Based on this method, INEI set the poverty line at 229.4 soles (82 dollars) a month per person, and the extreme poverty line at 121.2 soles (43 dollars) a month. Persons consuming less than these amounts are considered poor, or extremely poor, respectively.
“It’s important to know what price was assigned to some foods like eggs and potatoes, and also, for example, what value was established for ‘self-rent’ in marginalised urban areas. So far none of this is known, so the poverty lines are a mystery,” he said.
In response to the criticism, INEI published this information on its web site on Tuesday, and experts are now analysing it. INEI emphasised that it had received advice from the World Bank and several research centres in drawing up its report.
“The results are in compliance with international guidelines, and most importantly, they are transparent,” said World Bank regional director Felipe Jaramillo.
Matuk said that one way of demonstrating that the economic growth achieved between 2006 and 2007 had no impact on the living conditions of the majority of the population is that hunger had only been reduced by just over one percent – “in other words, hardly at all” – over the same period.
For his part, Pedro Francke, an economist at the Pontificia Catholic University, concluded that the method used by INEI did not take into account higher food prices, and was only showing one side of poverty. He said the institute should use a much broader form of measurement that is not only monetary.
“The quality of health and education services that are provided to the population should be measured, as well as whether or not people have identity documents, and what access they have to democracy, for example,” said Francke.
Several provincial governors expressed doubts that poverty reduction in their area could have been as great as the statistics suggest, especially in provinces where historically over 70 percent of the people were considered poor.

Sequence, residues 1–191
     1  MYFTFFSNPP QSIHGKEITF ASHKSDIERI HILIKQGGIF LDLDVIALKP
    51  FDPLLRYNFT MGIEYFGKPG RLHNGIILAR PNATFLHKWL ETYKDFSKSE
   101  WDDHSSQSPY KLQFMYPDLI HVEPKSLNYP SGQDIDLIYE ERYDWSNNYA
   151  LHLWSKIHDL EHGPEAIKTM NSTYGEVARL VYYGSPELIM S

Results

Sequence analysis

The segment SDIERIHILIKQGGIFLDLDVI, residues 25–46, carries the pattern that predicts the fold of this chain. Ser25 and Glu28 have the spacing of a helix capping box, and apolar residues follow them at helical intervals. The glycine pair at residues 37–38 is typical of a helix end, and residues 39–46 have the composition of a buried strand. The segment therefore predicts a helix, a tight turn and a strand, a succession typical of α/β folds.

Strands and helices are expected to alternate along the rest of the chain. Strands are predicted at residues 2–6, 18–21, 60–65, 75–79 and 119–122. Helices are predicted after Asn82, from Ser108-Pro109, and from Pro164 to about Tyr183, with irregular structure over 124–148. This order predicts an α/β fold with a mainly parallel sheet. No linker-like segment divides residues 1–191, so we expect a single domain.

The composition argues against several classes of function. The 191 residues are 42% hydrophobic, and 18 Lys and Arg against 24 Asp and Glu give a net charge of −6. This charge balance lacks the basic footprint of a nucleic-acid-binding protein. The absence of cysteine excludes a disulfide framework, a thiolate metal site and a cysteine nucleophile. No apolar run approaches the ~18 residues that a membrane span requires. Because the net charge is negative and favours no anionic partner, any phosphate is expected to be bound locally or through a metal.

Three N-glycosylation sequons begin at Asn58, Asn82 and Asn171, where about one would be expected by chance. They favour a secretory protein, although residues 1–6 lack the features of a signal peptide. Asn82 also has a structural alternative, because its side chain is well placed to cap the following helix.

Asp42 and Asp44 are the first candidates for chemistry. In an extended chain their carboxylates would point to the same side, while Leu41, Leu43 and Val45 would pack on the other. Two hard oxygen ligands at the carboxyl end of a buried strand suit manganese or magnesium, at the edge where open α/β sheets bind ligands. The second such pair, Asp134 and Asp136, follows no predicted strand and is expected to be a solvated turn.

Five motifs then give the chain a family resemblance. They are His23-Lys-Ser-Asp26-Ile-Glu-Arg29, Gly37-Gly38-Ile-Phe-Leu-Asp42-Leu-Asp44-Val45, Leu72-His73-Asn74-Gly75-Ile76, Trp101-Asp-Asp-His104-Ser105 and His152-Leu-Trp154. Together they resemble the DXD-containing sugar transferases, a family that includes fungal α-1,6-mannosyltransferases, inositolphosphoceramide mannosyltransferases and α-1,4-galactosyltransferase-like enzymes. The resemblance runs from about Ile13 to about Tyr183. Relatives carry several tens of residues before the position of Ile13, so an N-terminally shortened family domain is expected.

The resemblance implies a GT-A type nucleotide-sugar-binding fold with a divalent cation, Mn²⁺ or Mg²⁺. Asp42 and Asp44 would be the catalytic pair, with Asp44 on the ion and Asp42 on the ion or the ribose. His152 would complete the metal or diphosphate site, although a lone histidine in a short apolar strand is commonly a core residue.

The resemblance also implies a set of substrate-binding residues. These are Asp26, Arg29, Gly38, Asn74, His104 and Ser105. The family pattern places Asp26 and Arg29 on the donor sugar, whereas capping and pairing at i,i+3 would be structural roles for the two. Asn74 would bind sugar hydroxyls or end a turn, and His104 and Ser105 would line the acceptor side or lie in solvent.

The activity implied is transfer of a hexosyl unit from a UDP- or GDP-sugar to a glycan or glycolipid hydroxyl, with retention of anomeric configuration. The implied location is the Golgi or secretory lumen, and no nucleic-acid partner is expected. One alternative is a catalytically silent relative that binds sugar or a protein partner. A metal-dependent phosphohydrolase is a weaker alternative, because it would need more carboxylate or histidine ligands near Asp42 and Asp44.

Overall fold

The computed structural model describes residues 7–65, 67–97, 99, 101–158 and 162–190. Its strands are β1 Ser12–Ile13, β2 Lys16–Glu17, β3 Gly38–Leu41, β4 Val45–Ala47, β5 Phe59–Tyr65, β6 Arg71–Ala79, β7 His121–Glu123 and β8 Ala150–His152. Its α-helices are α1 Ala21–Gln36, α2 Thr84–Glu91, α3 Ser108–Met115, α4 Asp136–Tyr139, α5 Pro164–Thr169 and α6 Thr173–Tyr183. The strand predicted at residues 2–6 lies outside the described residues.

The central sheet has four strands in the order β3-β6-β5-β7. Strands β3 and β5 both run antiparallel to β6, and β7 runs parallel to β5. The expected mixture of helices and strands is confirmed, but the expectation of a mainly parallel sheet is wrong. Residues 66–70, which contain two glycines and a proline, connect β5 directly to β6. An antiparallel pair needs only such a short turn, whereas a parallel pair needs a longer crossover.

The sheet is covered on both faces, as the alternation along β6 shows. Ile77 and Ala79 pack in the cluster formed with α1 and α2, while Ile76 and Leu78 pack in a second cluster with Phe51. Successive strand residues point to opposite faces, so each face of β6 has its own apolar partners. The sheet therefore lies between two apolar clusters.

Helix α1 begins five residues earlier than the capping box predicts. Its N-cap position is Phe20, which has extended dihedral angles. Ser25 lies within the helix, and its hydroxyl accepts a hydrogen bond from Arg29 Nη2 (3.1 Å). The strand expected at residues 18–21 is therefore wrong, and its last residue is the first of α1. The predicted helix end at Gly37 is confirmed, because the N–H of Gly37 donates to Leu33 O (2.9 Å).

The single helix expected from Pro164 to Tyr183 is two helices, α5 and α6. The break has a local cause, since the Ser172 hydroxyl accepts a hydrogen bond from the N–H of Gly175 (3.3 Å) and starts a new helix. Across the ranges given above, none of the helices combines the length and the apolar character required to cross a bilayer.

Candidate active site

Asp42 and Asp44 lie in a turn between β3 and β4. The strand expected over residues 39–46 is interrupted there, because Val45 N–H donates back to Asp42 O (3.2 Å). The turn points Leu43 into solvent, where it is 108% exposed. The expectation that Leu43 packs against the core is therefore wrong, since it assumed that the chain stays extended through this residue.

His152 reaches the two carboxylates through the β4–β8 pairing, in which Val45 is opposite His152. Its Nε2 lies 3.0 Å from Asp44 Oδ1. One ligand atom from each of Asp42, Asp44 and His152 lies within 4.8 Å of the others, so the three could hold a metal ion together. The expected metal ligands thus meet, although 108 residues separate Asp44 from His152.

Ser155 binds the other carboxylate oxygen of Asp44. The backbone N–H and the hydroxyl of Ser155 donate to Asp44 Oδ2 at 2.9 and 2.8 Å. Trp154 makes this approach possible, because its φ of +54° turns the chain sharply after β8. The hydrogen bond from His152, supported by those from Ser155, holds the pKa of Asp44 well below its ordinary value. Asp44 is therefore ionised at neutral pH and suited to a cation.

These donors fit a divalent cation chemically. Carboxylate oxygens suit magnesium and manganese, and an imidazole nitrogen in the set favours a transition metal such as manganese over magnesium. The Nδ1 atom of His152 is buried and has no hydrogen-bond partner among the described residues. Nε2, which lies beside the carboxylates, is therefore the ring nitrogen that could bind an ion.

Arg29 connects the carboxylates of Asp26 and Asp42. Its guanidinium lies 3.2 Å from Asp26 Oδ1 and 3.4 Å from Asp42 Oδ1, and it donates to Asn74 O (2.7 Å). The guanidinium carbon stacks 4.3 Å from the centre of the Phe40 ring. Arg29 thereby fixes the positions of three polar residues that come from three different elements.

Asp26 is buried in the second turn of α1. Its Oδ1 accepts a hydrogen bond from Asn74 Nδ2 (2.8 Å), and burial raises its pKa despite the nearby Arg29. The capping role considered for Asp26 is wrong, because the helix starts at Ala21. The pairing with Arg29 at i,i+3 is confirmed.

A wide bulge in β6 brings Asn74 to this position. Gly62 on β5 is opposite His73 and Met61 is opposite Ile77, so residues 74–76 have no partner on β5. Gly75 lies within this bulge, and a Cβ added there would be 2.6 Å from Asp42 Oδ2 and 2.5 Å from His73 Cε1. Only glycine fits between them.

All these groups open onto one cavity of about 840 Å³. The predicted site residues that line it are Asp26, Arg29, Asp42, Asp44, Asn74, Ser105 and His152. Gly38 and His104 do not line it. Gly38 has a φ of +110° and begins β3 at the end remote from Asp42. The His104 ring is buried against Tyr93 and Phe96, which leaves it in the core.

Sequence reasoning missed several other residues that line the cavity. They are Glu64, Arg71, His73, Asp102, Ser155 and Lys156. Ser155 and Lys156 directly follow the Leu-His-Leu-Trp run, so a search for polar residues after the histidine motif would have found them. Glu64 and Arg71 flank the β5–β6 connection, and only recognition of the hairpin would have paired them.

“The statistics must have been manipulated, because people are still protesting in the streets due to the fact that they are not seeing the benefits of economic growth. INEI does not measure poverty in villages and towns in the rural areas, where the extreme poor are concentrated,” Hernán Fuentes, the governor of Puno, told IPS.
In his southern Andean region, poverty fell from 76.3 percent to 67.2 percent, according to the official figures.
The poverty rate also fell in Ayacucho, another southern Andean province, from 78.4 to 68.3 percent. “We were sure that poverty had fallen by three or four percent, but not to such an extent. I hope it’s true,” said Governor Ernesto Molina.
Loreto, in the northeast, is the province that apparently made the most progress, with a spectacular 11.7 percent drop in the poverty rate. Governor Iván Vásquez said that such a reduction was indeed possible, but mainly in large cities like Iquitos, the provincial capital, where over half of the population lives.
In Cuzco, however, the poverty rate rose from 49.9 to 57.4 percent. “The social programmes aren’t working, because out of every 10 soles the government allocates to fight malnutrition or poverty, six are swallowed up by bureaucracy,” said Governor Hugo González.
Huancavelica remains the poorest province, with 85.7 percent of the population below the poverty line, after a reduction of barely three percent.